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Hydrolycus tatauaia TOLEDO-PIZA, MENEZES & SANTOS, 1999


Hydrolycus: from the Greek hydro, meaning ‘water’, and lykos, meaning ‘wolf’.


Order: Characiformes Family: Cynodontidae


This species is widely-distributed throughout the lower and central Amazon region, the upper Orinoco basin in Venezuela and Colombia plus coastal drainages in Guyana.

Type locality is ‘Rio Xingu, Belo Monte, 3°10’S, 51°50’W, Pará, Brazil’.


This species is pelagic and adults tend to be associated with flowing stretches of main river channels and larger tributaries of both white and black water rivers.

Reproduction occurs between November and April and adults perform long upstream migrations in order to do so.

Juveniles presumably occur in smaller tributaries and areas of flooded forest.

Maximum Standard Length

The largest officially-recorded specimen measured 455 mm.

Aquarium SizeTop ↑

Suitable only for public installations or the very largest private aquaria.


Relatively unfussy and often maintained in completely bare set-ups but prefers dim lighting and is said to be nocturnal to an extent.

It does best if there is a high proportion of dissolved oxygen and moderate degree of water movement so external filters, powerheads, airstones, etc., should be employed as necessary.

As stable water conditions are obligatory for its well-being this fish should never be added to biologically-immature aquaria and weekly water changes of 30-50% aquarium volume should be considered mandatory.

A tighly-fitting cover is also essential as Hydrolycus spp. are prodigious jumpers.

Water Conditions

Temperature24 – 28 °C

pH6.0 – 8.0

Hardness36 – 268 ppm


An obligate but generalised piscivore capable of consuming surprisingly large prey.

Newly-imported specimens often refuse to accept anything but live fishes but most can be weaned onto dead alternatives once recognised as edible.

Like the vast majority of predatory fishes this species should not be fed mammalian or avian meat like beef heart or chicken, and similarly there is no benefit in the long-term use of ‘feeder’ fish such as livebearers or small goldfish which carry with them the risk of parasite or disease introduction and at any rate tend not have a high nutritional value unless properly conditioned beforehand.

Behaviour and CompatibilityTop ↑

Best kept alone, or with similarly-sized, non-aggressive fishes it cannot fit into its mouth since otherwise it’s relatively peaceful although it is known to occasionally attack comparably-shaped or coloured species, especially if space is limited.

It can also be maintained in a group in a suitably-sized aquarium but the purchase of at least three specimens is advisable.

NotesTop ↑

We know of only a handful of private aquarists with the facilities required to house this species long-term since its adult size and natural behaviour preclude its suitability as a fish for the home aquarium.

Vernacular names in Brazil include ‘Cachorra’ or ‘Pirandirá’, although these are also applied to congeners.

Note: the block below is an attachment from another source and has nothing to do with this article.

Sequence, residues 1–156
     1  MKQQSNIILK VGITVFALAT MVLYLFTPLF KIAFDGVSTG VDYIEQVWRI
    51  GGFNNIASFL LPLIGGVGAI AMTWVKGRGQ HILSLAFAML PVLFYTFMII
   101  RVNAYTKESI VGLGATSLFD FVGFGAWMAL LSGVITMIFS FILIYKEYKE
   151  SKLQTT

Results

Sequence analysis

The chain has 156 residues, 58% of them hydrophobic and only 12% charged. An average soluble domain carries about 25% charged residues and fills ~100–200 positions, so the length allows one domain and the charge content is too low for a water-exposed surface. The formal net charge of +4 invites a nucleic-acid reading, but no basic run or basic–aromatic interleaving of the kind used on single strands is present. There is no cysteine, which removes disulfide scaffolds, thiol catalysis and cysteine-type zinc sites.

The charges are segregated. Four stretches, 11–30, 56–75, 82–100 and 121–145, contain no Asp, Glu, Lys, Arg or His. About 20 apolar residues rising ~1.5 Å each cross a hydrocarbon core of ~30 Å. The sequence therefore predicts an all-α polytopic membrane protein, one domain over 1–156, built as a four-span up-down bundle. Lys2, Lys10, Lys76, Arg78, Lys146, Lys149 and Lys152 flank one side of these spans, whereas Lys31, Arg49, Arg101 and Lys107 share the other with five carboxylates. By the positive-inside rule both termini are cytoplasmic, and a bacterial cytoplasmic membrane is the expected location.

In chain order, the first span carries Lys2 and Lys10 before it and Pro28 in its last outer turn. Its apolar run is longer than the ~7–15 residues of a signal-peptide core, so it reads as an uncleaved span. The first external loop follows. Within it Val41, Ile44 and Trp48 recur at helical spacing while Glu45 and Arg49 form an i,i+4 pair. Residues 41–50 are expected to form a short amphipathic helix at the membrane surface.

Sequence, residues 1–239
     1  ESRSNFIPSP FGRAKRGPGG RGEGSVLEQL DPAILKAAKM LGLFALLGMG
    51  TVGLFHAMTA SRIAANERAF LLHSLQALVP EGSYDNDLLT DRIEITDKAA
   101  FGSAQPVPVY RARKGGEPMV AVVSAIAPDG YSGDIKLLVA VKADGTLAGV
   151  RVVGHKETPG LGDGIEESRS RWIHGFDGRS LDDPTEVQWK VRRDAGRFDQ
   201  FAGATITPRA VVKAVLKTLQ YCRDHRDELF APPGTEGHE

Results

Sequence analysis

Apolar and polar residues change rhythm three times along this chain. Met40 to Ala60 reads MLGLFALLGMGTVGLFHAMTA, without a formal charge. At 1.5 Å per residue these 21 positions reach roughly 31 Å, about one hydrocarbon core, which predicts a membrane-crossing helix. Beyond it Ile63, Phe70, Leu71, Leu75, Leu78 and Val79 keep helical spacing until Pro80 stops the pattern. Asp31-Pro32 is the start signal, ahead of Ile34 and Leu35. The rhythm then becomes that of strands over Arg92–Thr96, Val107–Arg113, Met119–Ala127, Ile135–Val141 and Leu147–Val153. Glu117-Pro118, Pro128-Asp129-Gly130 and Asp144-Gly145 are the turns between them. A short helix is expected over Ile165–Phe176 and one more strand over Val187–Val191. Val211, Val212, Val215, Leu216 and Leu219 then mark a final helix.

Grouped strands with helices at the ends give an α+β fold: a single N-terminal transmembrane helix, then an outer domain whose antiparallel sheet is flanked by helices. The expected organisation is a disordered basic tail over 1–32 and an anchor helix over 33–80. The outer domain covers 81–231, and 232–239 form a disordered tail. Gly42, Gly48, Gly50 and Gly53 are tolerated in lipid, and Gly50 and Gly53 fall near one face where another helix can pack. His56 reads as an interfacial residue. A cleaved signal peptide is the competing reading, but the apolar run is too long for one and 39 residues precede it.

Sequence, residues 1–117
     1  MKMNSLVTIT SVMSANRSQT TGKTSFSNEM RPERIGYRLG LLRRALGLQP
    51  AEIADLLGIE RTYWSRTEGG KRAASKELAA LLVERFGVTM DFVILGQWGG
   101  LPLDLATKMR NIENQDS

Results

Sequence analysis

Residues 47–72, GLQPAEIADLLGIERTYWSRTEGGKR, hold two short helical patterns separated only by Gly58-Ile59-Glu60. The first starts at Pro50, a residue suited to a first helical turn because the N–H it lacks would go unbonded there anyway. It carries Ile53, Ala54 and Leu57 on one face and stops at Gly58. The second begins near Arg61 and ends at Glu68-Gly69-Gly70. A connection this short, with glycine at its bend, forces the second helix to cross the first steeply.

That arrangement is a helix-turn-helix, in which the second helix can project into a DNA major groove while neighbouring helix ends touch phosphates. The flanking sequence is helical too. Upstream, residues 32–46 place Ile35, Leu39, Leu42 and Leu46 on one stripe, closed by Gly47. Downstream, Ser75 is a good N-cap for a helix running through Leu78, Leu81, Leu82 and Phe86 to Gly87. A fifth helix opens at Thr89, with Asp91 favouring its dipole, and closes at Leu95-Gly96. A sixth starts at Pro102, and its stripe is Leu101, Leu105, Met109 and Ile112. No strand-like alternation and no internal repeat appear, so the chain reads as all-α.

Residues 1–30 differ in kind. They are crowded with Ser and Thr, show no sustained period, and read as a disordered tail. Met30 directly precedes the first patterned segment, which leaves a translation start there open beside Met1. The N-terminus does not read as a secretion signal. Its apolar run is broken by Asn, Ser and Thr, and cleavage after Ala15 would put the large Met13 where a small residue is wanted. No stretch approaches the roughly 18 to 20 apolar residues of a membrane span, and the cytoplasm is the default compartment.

It can be told apart from all congeners by the following combination of characters:  head and body silvery with dark dorsal surface; an elongate dark blotch posterior to the opercle; dorsal, caudal and anal-fin rays reddish to orange proximally with some individual variation in intensity and tonality; adipose fin dark, with diffuse black pigmentation.

Hydrolycus can be easily-separated from other genera in the family Cynodontidae by the fact that the dorsal-fin origin is located distinctly anterior to a vertical through the anal-fin origin plus the dorsoventral enlargement of the mesethmoid spine is almost round in shape from a lateral view and enlarged in Hydrolycus scomberoidesH. armatus and H. tatauaia.

It’s sometimes included in the putative subfamily Cynodontinae alongside Cynodon and Rhaphiodon, these being separated from other Characiformes by a series of derived features plus their oblique mouth shape and highly-developed dentary canine teeth.

The latter fit into a pair of corresponding openings in the upper jaw which allows the mouth to be closed completely.

Cynodontinae contains two primary monophyletic lineages, one comprising the genus Hydrolycus and the other a clade with Cynodon and Rhaphiodon spp., with members sometimes referred to collectively as ‘dogtooth characins’.


  1. Reis, R. E., S. O. Kullander and C. J. Ferraris, Jr. (eds.), 2003 - EDIPUCRS, Porto Alegre: i-xi + 1-729
    Check list of the freshwater fishes of South and Central America. CLOFFSCA.
  2. Toledo-Piza, M., 2000 - American Museum Novitates 3286: 1-88
    The Neotropical Fish Subfamily Cynodontinae (Teleostei: Ostariophysi: Characiformes): A Phylogenetic Study and a Revision of Cynodon and Rhaphiodon.
  3. Toledo-Piza, M., N. A. Menezes and G. M. dos Santos, 1999 - Ichthyological Exploration of Freshwaters 10(3): 255-280
    Revision of the neotropical fish genus Hydrolycus (Ostariophysi: Cynodontinae) with the description of two new species.
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